In the first few weeks of my yoga teacher training at Yoga to The People in New York, I found myself experiencing a sensation similar to repeating a word continuously until it loses its meaning. Yoga. Yoga. Yoga. Yoga. I was doing yoga, talking yoga, reading yoga, thinking yoga, to the point where I no longer understood it at all. I began to experience it as if from outside myself. Why do I do this strange practice? Why do I bend my body into odd shapes daily? What are these eccentric breathing techniques I’ve so casually adopted? Why does it make me feel connected to something great, and is that a real experience or something I’ve been deluded into believing? When did I become this yoga person? Why do I want to teach it? What’s the point of it all?
It is a question that we all find ourselves asking from time to time: “What’s the point of it all?” Perhaps you have phrased it as “What am I doing with my life?” After reflecting further, I’ve realized the answer is simple. We are doing with our lives exactly what we are doing with our lives. Everything in this moment is just as it should be. If you are craving change, you are already manifesting it. By asking the question “What’s the point?” we already begin answering it. The idea is to rest in the peace of how things are in this moment, and invite change with an open heart.
There have been many moments in my training to remind me that I’m in the right place at the right time. I cannot imagine another yoga studio than Yoga to the People that could prepare me more to teach yoga in a way that reflects what is in my heart. Yoga to the People’s philosophy is that yoga is for everyone. They make yoga affordable to all by running a full schedule of donation based classes, four to eight classes a day, seven days a week. Their donation-based system works and has kept them open for a decade. They make yoga safe, comfortable and challenging to yogis of all levels by teaching open classes that encourage acceptance of each body’s pace, energy, and ability. They create a secular space where people from atheists to devout Hare Krishna’s, rabbis and fully-covered Muslim women can all share and practice in comfortably.
I have known for years that Yoga to the People’s message resonated with me, but now four weeks into my teacher training I feel more inspired and connected to it than ever. Building community that is deeply inclusive and accepting is at the very core of what I believe in and want to manifest in the world.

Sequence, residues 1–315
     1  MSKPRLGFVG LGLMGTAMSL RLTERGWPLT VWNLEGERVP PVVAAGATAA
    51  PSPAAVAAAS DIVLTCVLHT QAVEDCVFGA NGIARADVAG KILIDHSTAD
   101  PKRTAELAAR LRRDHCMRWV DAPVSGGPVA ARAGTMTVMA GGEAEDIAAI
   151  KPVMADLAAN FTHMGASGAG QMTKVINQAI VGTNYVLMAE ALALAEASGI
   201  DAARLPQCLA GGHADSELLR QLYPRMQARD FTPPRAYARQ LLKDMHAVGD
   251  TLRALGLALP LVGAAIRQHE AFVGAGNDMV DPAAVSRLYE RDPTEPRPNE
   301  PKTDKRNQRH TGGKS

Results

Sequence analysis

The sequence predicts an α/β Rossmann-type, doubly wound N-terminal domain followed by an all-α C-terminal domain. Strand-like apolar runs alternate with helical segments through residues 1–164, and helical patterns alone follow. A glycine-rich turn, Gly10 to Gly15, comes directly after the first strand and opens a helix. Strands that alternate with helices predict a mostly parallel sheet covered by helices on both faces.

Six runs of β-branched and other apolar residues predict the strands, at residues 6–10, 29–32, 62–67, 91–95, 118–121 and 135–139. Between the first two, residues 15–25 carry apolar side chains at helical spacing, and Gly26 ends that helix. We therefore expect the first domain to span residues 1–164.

Weekend four of our training asked us to open up and literally throw tantrums in order to experience catharsis. It was a weekend full of deep breathing, screaming, crying and holding postures into extreme pain. All of these experiences were tools for accessing something vulnerable within ourselves, in order to fully understand the experience our future students may have in yoga and how to hold space for them. The weekend climaxed with my own realization that I am still suffering post-traumatic stress from my experience on 9-11-01.
I grew up in TriBeCa when it was known for its public schools and little league rather than celebrity homes and designer boutiques. I was eleven years old when terrorists flew planes into the World Trade Center, just blocks away from my home and middle school. My transition from early childhood into adolescence was an inopportune time to become traumatized by running for my life through my neighborhood-turned-war-zone.
I have spent the past ten years denying this event’s impact on me. When I became depressed two years later and was prescribed medication throughout my teenage years, I continuously asserted that it had nothing to do with 9-11 and I hated talking about it in therapy. Meanwhile, every time I have since heard or seen a low-flying plane (and I live thirty minutes from JFK International Airport) I became fearful and had flashbacks to 9-11. I have had panic attacks during loud thunderstorms. Now at 22, my yoga journey has led me to access the repressed pain and fear associated with the event. Last weekend in training while participating in a screaming meditation, I suddenly became bombarded with horrifying, vivid memories of that day. By sharing this in writing, I intend to continue the process of releasing it from my psyche.
I cannot think of a travel experience as profound as the inner-journey I’ve had (and continue on with) through yoga. Wherever you are in the world and whoever you are, all you need is your body and breath to practice yoga. It is is a powerful tool for learning about the self. My yoga journey has opened me to deeper understandings of my body, my mind and my soul and has led me to this beautiful moment in my life in which I am becoming a teacher of it. Though my recent self-discovery asks me to confront a very painful, scary place, I trust the yoga journey to hold me through it and heal me. I am doing just what we say at Yoga to the People– “going through my flow.”